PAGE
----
Oxford Socially Responsible Investment CampaignCampaigning for Socially Responsible Investment in OxfordWhat is your college supporting?
 Calling for Socially Responsible Investment across Oxford University
The Oxford SRI Campaign successfully achived the creation of an Socially Responsible Investment Committee in Oxford University. (Current membership).

The pages below date from a key moment in that campaign, and have not been updated since April 2006 - and a lot has moved on since then (see the link above).

However, the need for Socially Responsible Investment campaigning on a college level, and in Oxford University, is not over. These pages are here as a resource and archive for campaigners who continue to work on this important issue.

April 15th 2008, Tim Davies, Oriel College (2003 - 2006).

Update 27th April 2010: Campaigning work in 2009/10 led to the committee being fully established after being dormant. Minutes of the SRI Committee of the University are here.

Update 20th May 2010: The Oxford Anti War Action group have set up a blog where they will document their ongoing work on SRI for Oxford University.

Oxford Campaign for Socially Responsible Investment

Oxford University and its colleges collectively invest over £2 billion.

While the institution is educating 1000s of students from across the world, and engaging in influential positive research, its money could be supporting companies engaged in the arms trade, tobacco sales, manufacture of instruments of torture, and widespread environmental degradation.

We believe that Oxford University should take moral responsibility for the impact of its investments. We believe that the University and its Colleges should take the actions of the companies they invest in into consideration - and that their investments should reflect the positive purpose of the institution and values of their students, staff and stakeholders. We know that socially responsible investment is legal, practical, and financially prudential.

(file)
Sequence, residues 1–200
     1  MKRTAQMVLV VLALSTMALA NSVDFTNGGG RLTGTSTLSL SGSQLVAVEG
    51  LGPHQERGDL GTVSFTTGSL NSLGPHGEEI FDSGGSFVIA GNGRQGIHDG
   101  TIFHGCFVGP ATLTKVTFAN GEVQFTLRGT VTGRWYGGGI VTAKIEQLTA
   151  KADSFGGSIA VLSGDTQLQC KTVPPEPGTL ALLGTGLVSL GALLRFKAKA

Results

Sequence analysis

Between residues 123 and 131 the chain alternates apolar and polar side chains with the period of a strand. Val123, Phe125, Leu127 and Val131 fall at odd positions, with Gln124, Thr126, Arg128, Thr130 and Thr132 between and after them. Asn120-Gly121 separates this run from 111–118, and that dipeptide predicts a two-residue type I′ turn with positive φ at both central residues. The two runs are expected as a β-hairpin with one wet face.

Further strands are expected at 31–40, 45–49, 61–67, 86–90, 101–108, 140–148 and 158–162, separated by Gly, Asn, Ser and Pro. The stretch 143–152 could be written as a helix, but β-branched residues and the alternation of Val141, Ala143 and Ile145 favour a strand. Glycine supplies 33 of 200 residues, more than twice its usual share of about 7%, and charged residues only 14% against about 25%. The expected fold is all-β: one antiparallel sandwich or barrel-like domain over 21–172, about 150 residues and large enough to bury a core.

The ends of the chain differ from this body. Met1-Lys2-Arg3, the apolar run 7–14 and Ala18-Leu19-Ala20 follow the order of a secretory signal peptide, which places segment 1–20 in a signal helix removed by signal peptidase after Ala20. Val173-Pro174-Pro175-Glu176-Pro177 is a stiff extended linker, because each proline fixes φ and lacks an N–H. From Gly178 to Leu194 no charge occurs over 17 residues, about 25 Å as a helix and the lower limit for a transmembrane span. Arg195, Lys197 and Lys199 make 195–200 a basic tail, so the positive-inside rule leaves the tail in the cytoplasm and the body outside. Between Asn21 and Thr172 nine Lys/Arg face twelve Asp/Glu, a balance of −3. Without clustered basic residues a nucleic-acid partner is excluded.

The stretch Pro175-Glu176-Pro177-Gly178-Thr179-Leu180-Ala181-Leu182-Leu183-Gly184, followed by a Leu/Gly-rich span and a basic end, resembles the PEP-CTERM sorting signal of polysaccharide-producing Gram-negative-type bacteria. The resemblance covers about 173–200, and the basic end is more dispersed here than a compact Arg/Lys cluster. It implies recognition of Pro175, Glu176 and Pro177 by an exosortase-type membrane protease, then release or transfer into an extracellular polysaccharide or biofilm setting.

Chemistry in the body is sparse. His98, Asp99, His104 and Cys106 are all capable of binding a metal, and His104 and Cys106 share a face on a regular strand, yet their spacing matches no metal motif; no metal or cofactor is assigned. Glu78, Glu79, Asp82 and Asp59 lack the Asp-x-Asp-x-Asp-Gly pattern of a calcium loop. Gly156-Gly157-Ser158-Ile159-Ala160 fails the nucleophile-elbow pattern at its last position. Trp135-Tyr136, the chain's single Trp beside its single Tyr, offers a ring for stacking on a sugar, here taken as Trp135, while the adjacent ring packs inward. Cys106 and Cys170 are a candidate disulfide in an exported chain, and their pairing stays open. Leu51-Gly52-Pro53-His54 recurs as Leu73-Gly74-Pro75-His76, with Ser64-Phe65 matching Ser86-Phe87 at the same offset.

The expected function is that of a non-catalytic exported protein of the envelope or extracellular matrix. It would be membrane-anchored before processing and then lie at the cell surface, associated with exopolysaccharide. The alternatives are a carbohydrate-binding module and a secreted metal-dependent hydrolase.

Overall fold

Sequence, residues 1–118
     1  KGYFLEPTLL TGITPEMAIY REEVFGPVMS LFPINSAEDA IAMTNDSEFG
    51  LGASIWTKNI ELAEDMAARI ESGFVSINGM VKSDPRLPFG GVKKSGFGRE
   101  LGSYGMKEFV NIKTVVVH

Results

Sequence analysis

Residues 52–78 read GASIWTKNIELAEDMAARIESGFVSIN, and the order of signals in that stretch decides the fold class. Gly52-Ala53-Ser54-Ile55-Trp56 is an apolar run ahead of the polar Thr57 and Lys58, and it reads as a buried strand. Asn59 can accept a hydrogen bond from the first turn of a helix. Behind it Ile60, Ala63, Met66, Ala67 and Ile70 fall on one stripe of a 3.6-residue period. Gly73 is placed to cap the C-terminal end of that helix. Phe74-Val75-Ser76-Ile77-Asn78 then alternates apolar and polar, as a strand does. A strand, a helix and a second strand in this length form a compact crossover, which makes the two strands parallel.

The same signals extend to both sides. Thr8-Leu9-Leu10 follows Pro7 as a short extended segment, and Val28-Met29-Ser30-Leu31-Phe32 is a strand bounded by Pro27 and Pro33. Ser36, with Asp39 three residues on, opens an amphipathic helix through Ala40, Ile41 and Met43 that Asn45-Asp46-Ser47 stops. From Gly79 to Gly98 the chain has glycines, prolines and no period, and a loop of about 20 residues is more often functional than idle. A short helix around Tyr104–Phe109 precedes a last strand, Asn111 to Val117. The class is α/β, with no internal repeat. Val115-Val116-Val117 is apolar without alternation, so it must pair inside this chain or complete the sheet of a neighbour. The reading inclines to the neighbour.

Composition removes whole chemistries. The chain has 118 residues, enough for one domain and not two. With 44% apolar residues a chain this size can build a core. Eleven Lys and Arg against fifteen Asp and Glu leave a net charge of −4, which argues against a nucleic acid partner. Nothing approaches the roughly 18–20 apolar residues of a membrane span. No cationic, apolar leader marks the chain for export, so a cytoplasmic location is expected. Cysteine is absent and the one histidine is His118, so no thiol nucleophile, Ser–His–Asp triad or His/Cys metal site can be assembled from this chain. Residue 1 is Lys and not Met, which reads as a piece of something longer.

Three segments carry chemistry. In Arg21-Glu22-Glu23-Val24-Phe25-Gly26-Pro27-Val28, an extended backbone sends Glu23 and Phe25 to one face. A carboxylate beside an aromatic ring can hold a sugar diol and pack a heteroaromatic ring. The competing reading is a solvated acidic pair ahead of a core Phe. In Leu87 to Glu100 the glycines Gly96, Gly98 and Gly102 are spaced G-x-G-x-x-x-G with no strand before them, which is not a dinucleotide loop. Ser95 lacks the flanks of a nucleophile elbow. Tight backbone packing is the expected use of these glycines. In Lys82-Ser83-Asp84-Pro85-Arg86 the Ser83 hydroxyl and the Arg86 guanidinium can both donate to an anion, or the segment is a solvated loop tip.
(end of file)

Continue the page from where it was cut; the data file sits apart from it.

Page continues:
Please explore this website for full details of the campaign, the arguments behind it, and the action that has been taken. This page summarises the core current issues in the campaign.

Brief Campaign History

Early 2001 - 'Not In Our Name' SRI Campaign launched.

June 2002 - Student SRI Campaigners take a paper to University Council to call for an SRI Policy. A weak policy to pursue values of Corporate Social Responsibility (the Good Corporation Charter) is adopted.

Early - Mid 2004 - Student engage in discussion with University Investment Committee to see how the policy is being implemented. It becomes clear that after two years, the Good Corporate Charter policy is having no impact - and there is no evidence of implementation at all.

November 2005 - Campaign Against the Arms Trade (CAAT) release figures showing Oxford to be one of the worst University Investors in the Arms Trade. Over 5000 members of Oxford University sign a petition for SRI.

January 2006 - OUSU submits a comprehensive report to University Council outlining the inadequacy of the current policy, and constructive steps forward. The paper is delayed at the last minute till April.

April 2006 - OUSU's paper is considered by University Council as an Annexe to a report rejecting it, drafted by a secret working party convened without any student representation. Council rejects OUSU's paper, conceding only that University Investment Committee should start reporting to Council on its implementation of the weak existing policy.

Frequent Confusions

The evidence to support the financial feasibility, legality and practicality of Socially Responsible Investment is solid and comprehensive. However, the following confusions are often wrongly used against SRI:

Socially Responsible Investment will harm financial returns…
There is clear evidence that Socially Responsible Investment does not harm investment returns.

The average UK ethical unit trust beat the average of all UK unit trusts by 13% (71% growth compared to 55% growth for the FTSE index) between 1991 and 1996 (source: Cooperative Insurance). The World Markets Company concluded its report on ethical investment by stating that it "can provide competitive returns".

Recent academic studies also evidence no loss from Socially Responsible Investing. For example, Kreander et al (Sept 2005, Journal of Business Finance and Accounting)